[7440-02-0]  · Ni  · Nickel  · (MW 58.71)

(homocoupling of halobenzenes;1,2 benzyl halide coupling;3,4 synthesis of b-hydroxynitriles;5 xylylene cycloadditions;6 synthesis of 3-arylpropanenitriles7)

Form Supplied in: black powder; activated nickel is not commercially available and must be prepared prior to use.

Preparative Methods: activated nickel is prepared by the reduction of nickel iodide with Lithium metal under argon with a catalytic amount of naphthalene in glyme.6

Handling, Storage, and Precautions: all reactions should be carried out in an inert atmosphere. Appropriate precautions are necessary since the reagent is a cancer suspect agent. Use in a fume hood.

Homocoupling Reactions of Halobenzenes.

Activated metallic nickel powder is a simple and convenient reagent for coupling iodobenzenes and bromobenzenes (eqs 1 and 2).1 Best results are obtained with unsubstituted or 4-substituted iodobenzenes. Ortho substitutents, particularly nitro groups, seem to inhibit coupling. Electron-donating substitutents seem to lower the reactivity. Carbonyl groups and nitriles are compatible and afford good yields of the corresponding biphenyls. Glyme, DMSO, and DMF have all been used as solvents with very little difference in yields.

The use of activated nickel powder is superior to the Ullmann synthesis in that reaction temperatures are much milder (80 °C compared to 150-280 °C) and yields are generally better.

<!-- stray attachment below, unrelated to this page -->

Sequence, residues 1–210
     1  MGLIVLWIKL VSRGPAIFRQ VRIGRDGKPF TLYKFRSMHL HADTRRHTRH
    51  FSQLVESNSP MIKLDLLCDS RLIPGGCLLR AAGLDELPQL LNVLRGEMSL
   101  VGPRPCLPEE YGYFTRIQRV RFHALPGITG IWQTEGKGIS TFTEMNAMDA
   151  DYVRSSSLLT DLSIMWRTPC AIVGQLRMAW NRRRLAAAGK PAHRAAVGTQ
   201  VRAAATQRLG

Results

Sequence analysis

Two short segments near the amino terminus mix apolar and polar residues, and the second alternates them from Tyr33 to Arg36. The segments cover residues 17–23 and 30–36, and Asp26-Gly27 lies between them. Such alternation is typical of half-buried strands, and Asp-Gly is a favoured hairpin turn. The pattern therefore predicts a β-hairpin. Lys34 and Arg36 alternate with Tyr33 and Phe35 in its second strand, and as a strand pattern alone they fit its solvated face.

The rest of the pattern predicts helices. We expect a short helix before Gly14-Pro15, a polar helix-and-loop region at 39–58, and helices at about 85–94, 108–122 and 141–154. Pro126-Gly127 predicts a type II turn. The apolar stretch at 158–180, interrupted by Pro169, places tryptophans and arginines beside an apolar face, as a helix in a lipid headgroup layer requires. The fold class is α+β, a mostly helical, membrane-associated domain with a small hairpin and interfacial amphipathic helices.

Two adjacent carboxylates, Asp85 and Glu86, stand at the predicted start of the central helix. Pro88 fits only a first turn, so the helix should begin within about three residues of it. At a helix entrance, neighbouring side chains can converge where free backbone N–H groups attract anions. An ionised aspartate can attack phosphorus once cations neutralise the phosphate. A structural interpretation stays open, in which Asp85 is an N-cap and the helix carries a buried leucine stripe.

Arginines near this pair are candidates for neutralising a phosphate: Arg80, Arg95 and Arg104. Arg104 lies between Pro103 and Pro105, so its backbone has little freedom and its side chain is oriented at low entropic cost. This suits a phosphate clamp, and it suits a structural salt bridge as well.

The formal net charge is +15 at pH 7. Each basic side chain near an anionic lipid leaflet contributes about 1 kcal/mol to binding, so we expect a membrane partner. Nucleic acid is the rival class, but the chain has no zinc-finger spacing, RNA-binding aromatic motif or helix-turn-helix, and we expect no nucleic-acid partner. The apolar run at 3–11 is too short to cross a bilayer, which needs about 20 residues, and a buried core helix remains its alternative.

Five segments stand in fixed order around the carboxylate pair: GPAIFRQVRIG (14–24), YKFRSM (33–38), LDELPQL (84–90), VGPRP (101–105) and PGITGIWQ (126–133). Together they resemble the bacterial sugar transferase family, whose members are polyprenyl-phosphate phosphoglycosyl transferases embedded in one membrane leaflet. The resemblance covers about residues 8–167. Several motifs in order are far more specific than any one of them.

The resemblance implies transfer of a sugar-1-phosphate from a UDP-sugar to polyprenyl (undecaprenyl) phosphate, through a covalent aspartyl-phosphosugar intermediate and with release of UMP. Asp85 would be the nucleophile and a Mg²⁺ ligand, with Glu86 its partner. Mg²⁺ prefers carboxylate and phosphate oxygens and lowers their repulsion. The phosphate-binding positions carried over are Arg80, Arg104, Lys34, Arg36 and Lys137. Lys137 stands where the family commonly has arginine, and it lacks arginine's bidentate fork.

Unsubstituted and monosubstituted benzylic halides react with metallic nickel at room temperature to afford the corresponding 1,2-diarylethanes in good yield (eq 3).2 Substituents such as methoxy, chloro, bromo, nitro, cyano, and alkoxycarbonyl groups are well tolerated. Reactions of benzylic di- and trihalides gives mixtures of cis- and trans-ethylenes (eq 4).2

Coupling of Benzyl Halides.

Metallic nickel is a convenient reagent for the reductive coupling of benzyl halides with acyl halides to afford benzyl ketones (eq 5).4 Best results are obtained in refluxing glyme, although some reactions proceed even at room temperature.

Synthesis of b-Hydroxynitriles.

Metallic nickel can effect Reformatsky-type addition of haloacetonitriles to aldehydes at 85 °C in glyme to give b-hydroxynitriles (eq 6).5 Bromoacetonitriles give the best results, but chloro- and iodoacetonitriles also react.

Cycloadditions of o-Xylylenes with Dienophiles.

Activated nickel reacts with a,a-dihalo-o-xylene in the presence of electron-deficient alkenes to yield 1,2,3,4-tetrahydronaphthalene derivatives in moderate yield (eq 7).6 This reaction proceeds, presumably, via an o-xylylene intermediate. A variety of alkenes give the expected cycloaddition products. In general, cis-alkenes yield a mixture of cis and trans products (eq 8), while trans-alkenes only give trans products (eq 9).6 Although the cycloaddition has not been proven to be either concerted or stepwise, the mixtures of cis and trans products can be explained by isomerization of the alkenes prior to the cycloaddition.

Preparation of 3-Arylpropanenitriles.

Benzylic halides react with haloacetonitriles in the presence of nickel to form 3-arylpropanenitriles (eq 10).7 The reaction conditions are compatible with a variety of substituents including halogens, nitriles, and alkoxycarbonyl groups (eqs 11 and 12).

1. Matsumoto, H.; Inaba, S.; Rieke, R. D. JOC 1983, 48, 840.
2. Inaba, S.; Matsumoto, H.; Rieke, R. D. JOC 1984, 49, 2093.
3. Inaba, S.; Matsumoto, H.; Rieke, R. D. TL 1982, 23, 4215.
4. Inaba, S.; Rieke, R. D. TL 1983, 24, 2451.
5. Inaba, S.; Rieke, R. D. TL 1985, 26, 155.
6. Inaba, S.; Wehmeyer, R. M.; Forkner, M. W.; Rieke, R. D. JOC 1988, 53, 339.
7. Inaba, S.; Rieke, R. D. S 1984, 842.

Ellen M. Leahy

Affymax Research Institute, Palo Alto, CA, USA

Copyright 1995-2000 by John Wiley & Sons, Ltd. All rights reserved.